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“Derailments aren’t very frequent,” he said. “Things are transported all the time, by train, truck and other ways. All we can do is prepare for the worst.”
There have been just two crude oil spills involving rail in the state: near Parkers Prairie and in Sartell in 2010. The Sartell spill was smaller, involving 120 gallons. Neither caused any injuries.
Since 1996, there have been at least 360 railroad spills of petroleum products, a broader category that includes light fuel oil and jet fuel. Most of them involved 100 gallons or less, according to records from the Minnesota Pollution Control Agency (MPCA).
A BNSF spokeswoman pointed out that hazardous material — including those riskier than crude oil, such as ammonia and other chemicals — make up just 5 percent of what’s transported by rail.
Both BNSF and CP, neither of which was involved in the Quebec spill, touted their training of responders in cities across the state.
“Safety is a priority,” said CP spokesman Ed Greenberg. “It is a focus that will never change.”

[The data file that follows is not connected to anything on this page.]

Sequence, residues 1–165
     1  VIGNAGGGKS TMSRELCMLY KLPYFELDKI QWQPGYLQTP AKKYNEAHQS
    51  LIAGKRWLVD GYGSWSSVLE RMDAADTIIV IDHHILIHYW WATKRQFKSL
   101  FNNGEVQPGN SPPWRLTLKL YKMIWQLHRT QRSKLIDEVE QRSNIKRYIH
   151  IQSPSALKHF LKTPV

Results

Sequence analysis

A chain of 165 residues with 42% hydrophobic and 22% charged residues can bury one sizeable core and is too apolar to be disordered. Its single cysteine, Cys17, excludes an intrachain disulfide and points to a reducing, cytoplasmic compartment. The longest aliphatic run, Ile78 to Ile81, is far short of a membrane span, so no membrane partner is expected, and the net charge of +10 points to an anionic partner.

Counting oil cars
The Cozy Cup Cafe in Parkers Prairie sells about 15 hamburgers a day. Maybe 20. But one day in January, it served 109.
The railroad workers were in town.
“It’s a shame when you have to say that, for a small town, a disaster is good. But it’s true,” said Alice Ritter, who has owned the cafe since 2005. The spill “was a godsend.”
The CP train derailed on farmland north of town in March. Three tanker cars leaked, “affecting a ditch and a field,” according to an MPCA report on the spill. The railroad estimated that 15,000 gallons of heavy crude oil leaked.
Crews pumped oil into other railcars, built a berm to contain the mess and sopped up oil with blankets and wood chips, the report said.
Many people drinking coffee and eating doughnuts in the cafe last week praised the crews, who hailed from as far away as Texas, for their cleanliness and politeness. “Plus,” Ritter said, gesturing at a table full of men in baseball caps, “it gave those guys something to talk about.”
The group gathers at the cafe each day at 9 a.m. and 3 p.m. On a recent Thursday, the table filled by 2:58. The men, most of whom are retired, sometimes debate proposed oil pipelines, which are seen as an alternative to rail transportation. Most of the men back that idea, said Justen Ritter, Alice’s grandson. But he believes it’s not a question of transportation: “The sooner we can move away from oil, altogether, the better.”
From his kitchen window, Ralph Jahnke, 88, counts the crude oil cars as the trains pass, rattling his duplex and jiggling the curtains. There were 16 on a train, 50 on another. One day, 85. The numbers are growing, Jahnke said.
He believes the busy rail lines hint at a healthier economy. “It shows that the United States is still here,” Jahnke said.
Staff writer David Shaffer contributed to this report. Jenna Ross • 612-673-7168